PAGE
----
North Country

Civil rights drama. Story of a single mother trying to work in the mines of Minnesota and how she overcame widespread sexual harassment on the job. This is the first class action lawsuit for sexual harassment that occurred in 1989. Charlize Theron is just brilliant in this gut wrenching social justice story. It is superbly told and should have received an Oscar nomination for best picture. The most moving movie of the year. It captures the experience of the heroine, Josie, as she joins the male-dominated workforce of the mines, where a few women have been allowed in, but are so frequently sexually harassed by the men that it went way beyond bad taste. And to top it all off, she has a false reputation as a whore (she was actually raped), which causes everyone to shift the blame onto her and no one will stand by her, not even her own father or the other women at the plant because they feel their jobs would be in jeopardy.

This movie is mostly fair in its portrayal of the kind of reasons why people do nothing about harassment. They all ring true, and quite frankly, as a man, I have to say that the sexual harassment rang true to male nature as well. The moment where her father turns and stands up for her at a union meeting, which is entirely against her, is a beautiful moment of grace and redemption. But so is the moment when she is in the court room all alone as the sole complaintant, trying to get someone, anyone to join her in order to get the class action lawsuit. And no one will do it. Until they all find out that she was raped and she is not a whore and then her best friend, who happens to have Lou Gehrig’s disease stands for her first, and then one by one a dozen people stand to join her. It’s all very formulaic and I CRIED MY EYES OUT because it was beautiful and virtuous and true.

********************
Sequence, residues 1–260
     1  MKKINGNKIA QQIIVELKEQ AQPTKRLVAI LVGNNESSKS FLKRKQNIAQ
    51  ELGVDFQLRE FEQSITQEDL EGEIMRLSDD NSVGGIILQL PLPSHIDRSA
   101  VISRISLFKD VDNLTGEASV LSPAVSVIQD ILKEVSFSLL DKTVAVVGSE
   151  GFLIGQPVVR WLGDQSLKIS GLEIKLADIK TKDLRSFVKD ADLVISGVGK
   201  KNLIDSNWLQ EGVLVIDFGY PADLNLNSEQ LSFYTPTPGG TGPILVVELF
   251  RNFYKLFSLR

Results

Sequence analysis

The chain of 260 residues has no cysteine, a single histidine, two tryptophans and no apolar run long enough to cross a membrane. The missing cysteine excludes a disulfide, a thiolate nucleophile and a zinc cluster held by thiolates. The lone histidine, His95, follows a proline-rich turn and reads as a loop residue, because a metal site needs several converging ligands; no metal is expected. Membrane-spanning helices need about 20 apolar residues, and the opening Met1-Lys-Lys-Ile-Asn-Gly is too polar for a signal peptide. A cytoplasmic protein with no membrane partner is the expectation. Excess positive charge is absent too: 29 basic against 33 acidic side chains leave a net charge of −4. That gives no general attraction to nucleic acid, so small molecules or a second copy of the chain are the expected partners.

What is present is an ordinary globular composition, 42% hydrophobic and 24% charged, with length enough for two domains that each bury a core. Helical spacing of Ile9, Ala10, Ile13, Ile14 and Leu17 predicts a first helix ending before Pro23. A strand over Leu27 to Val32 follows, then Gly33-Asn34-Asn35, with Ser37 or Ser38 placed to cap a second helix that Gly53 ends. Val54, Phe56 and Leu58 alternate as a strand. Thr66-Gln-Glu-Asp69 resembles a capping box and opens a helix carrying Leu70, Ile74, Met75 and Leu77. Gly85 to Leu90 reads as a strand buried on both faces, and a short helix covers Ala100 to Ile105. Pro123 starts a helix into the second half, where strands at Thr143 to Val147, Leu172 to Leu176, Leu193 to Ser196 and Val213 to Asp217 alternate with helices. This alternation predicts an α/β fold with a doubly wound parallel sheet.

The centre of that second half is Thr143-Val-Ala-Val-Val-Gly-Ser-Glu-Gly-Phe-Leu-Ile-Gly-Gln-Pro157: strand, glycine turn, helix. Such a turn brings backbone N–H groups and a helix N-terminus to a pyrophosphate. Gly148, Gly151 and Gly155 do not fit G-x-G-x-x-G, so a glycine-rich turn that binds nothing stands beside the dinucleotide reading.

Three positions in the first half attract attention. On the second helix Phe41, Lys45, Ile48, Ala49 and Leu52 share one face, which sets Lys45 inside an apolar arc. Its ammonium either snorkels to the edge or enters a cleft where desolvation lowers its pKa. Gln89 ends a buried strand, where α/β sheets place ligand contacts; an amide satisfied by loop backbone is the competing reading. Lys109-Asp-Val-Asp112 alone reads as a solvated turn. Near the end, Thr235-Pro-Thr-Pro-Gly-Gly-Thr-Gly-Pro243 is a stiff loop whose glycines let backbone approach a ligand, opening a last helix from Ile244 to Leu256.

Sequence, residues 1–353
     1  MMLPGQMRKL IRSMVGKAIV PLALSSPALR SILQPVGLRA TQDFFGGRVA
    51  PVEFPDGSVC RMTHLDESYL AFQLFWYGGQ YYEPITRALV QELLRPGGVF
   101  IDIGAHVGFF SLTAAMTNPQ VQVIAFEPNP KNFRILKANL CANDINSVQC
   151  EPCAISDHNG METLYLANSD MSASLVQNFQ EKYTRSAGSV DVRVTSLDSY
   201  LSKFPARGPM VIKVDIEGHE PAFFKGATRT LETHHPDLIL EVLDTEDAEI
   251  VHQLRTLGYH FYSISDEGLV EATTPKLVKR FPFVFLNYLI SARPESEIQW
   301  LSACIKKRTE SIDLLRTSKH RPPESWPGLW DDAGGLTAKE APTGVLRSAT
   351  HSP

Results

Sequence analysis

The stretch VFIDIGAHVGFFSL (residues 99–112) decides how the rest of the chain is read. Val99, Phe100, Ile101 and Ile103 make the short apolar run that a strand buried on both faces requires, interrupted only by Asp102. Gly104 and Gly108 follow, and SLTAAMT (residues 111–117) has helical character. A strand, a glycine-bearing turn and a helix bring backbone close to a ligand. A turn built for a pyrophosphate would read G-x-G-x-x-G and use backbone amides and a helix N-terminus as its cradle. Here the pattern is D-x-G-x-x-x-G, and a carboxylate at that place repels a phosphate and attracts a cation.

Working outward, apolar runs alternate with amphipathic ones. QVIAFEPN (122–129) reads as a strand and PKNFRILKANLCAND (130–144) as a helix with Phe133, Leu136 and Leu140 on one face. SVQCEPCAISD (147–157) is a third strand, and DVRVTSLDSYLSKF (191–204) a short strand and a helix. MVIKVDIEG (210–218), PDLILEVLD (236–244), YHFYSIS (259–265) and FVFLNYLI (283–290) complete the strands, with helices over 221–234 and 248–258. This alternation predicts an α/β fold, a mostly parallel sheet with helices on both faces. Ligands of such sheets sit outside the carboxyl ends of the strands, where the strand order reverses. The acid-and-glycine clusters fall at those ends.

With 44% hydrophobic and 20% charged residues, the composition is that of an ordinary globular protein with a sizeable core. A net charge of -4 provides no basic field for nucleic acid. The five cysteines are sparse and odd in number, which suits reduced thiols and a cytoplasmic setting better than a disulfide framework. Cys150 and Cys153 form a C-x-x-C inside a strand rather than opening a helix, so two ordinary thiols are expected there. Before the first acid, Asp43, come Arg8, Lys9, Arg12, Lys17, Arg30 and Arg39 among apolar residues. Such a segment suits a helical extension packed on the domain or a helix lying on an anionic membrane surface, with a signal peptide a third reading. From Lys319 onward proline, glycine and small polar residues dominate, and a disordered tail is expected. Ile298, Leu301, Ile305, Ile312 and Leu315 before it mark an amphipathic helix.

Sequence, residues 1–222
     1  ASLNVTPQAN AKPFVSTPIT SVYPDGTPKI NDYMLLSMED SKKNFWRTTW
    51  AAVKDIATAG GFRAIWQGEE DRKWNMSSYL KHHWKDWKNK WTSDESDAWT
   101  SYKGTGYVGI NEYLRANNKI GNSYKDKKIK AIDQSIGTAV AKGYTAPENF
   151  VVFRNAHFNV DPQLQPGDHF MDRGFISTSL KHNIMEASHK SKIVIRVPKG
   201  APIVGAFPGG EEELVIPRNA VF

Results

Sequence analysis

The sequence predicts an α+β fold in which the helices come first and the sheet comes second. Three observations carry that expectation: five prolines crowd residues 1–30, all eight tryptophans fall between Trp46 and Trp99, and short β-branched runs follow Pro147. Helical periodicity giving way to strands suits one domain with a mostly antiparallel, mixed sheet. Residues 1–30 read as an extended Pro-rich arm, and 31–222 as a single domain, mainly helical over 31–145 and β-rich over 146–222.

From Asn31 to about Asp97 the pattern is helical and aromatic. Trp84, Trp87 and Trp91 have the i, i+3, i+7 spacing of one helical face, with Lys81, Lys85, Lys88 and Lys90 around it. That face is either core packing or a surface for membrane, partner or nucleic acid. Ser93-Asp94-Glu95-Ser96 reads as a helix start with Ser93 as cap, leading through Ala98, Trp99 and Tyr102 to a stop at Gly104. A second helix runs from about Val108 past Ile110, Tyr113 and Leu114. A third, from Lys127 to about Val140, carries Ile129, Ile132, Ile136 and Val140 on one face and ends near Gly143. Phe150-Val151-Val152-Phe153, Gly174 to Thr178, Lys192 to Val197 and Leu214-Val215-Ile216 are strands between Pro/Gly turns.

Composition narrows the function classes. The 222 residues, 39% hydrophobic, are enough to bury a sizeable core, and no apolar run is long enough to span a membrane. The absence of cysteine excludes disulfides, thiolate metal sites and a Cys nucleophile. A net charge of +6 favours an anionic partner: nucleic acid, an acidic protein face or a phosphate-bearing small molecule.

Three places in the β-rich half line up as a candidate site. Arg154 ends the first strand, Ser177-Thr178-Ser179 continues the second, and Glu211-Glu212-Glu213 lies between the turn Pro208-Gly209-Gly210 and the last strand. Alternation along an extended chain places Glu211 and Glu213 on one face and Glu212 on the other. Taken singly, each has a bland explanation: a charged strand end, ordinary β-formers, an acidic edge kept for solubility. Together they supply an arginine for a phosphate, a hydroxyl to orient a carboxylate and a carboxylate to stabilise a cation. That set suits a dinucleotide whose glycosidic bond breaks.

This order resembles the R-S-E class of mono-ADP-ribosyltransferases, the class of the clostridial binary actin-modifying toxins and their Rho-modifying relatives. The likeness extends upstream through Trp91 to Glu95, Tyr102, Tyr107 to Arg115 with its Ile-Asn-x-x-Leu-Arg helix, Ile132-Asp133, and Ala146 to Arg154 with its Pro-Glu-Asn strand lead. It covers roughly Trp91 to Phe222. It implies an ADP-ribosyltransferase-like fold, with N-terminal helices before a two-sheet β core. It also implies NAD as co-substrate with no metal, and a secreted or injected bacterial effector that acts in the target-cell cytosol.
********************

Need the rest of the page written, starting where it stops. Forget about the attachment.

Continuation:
Francis McDormand and Sean Bean bring it in with excellent performances as the childless couple who actually have a loving marriage, and Woody Harrelson is the New York lawyer who defends her, and is too shy to actually date her. So, the movie actually avoids feminist stereotyping by portraying a few good men, and good marriages.

On the down side, they try to cast the slanderous political attack on a black man, Clarence Thomas, as a similar case of sexual harassment, when in reality, Anita Hill was proven to be lying with a political agenda that could not be substantiated. And that points up the kind of story that really needs to be told now: The story of how victimization as a political agenda has created a culture of fear that can destroy innocent men’s lives with the mere accusation of political incorrectness. But despite this one major fallacy, the movie is a profound and beautiful story of redemption in the midst of a harsh environment of prejudice.

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